2) The "myosin mesa" hypothesis really refers to the idea that for a large subset of the HCM mutations, the mutation does not directly alter the kinetics of the head, but instead disrupts the filament packing of the heads, which leads to effects such as reported for the R146N mutation of this paper. This should be emphasized, and some modeling of the impact of the R146N mutation on the packing of cardiac myosin heads into the filament would have been helpful. This could be added to Figure 1, but at the very least, further discussion should be added.

3) R146N/+ heterozygous flies displayed myofibrillar discontinuity suggesting a dominant effect of this mutation on cardiac ultrastructure. The IFM from R146N/+ heterozygotes also exhibited changes in power and work generation and cross-bridge kinetics. However, the authors did not present the IFM structure and the flight ability of the heterozygous flies. Is there an age-related delay in structural disruptions, since IFM myofibrils were deteriorated in older flies (7 day adults)? The authors suggested that this deterioration results from mechanical stress during muscle use. To strengthen this conclusion, transgenic flies of the same ages without muscle use could be examined. If there is no defect in the structure and the function of IFM (somatic muscle) in the heterozygotes at the ages presented, in contrast to the cardiac muscle, please discuss what properties of the two muscles can cause this difference. This is a significant point if the authors are using somatic muscles to investigate a cardiac muscle mutation.

4) The R146N mutation recapitulated some pathological phenomena of HCM such as disorganized myofibrils and diastolic dysfunction in Drosophila. However, the authors did not observe the hypertrophic effect on skeletal and cardiac muscles. The authors discussed that it might be consistent to the 'significant variability in the presence and degree of hypertrophy detected in patients carry the 146N mutation'. Since hypertrophy in Drosophila heart can occur due to abnormal cell proliferation from misregulated EGFR-Ras-Raf signaling (Yu et al., 2013), it would be interesting to test if increased stress by 146N mutation on Drosophila heart has an additive or synergistic effect on hypertrophy caused by abnormal RTK signaling.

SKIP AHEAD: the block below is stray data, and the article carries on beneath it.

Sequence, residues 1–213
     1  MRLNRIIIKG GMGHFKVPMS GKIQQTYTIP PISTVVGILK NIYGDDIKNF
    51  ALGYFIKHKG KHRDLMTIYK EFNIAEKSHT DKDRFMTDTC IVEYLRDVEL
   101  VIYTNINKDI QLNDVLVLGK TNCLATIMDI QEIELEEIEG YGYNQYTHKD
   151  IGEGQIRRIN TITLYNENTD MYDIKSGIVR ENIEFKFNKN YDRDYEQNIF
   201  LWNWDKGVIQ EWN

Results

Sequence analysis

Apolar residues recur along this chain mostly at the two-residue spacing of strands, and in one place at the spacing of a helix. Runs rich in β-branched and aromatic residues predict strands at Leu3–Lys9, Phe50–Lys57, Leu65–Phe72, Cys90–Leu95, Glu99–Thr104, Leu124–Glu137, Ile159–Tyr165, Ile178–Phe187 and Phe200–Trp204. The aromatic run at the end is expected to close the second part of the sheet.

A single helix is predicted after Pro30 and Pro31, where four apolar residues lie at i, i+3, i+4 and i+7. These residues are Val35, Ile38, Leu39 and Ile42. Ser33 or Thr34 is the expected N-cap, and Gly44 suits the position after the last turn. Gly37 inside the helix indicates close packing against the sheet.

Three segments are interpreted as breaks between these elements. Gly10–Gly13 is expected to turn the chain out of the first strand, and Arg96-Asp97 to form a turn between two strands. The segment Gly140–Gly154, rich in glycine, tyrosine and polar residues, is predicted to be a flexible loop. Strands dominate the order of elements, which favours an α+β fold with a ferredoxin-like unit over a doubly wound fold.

https://doi.org/10.7554/eLife.38064.024

Author response

Essential revisions:

1) The significance the work is the fact that the impact of the mutation might have been restricted to cardiac muscle of vertebrates, but it is not. Not only does this allow for the use as Drosophila as a model organism to assess human HCM mutations, but it begs a broader discussion of the mechanism. The authors model the potential electrostatic interactions made by R146N and the lever arm and postulate that loss of this interaction might destabilize the pre-power stroke (PPS) state, which is supported by an increase in the actin-independent ATPase activity. However, they stop short in connecting this concept to the potential importance of this state for the myosin head packing during relaxation, which has been termed the super-relaxed state. There seems to be conservation of the head packing interactions, which were first described for single molecules of regulated smooth muscle myosin and has since been shown to fit the head-head interactions of myosin in filaments from tarantula muscle as well as in vertebrate cardiac muscle. This conservation of the packing is striking and must be the basis of what is happening in the flies as well. It has been modeled, and data confirms, that the PPS state is the state in which the myosin heads interact and pack, so anything that destabilizes the PPS conformation would be expected to disrupt the packing of the heads on the filament. This point is not stressed and yet is the real take home message.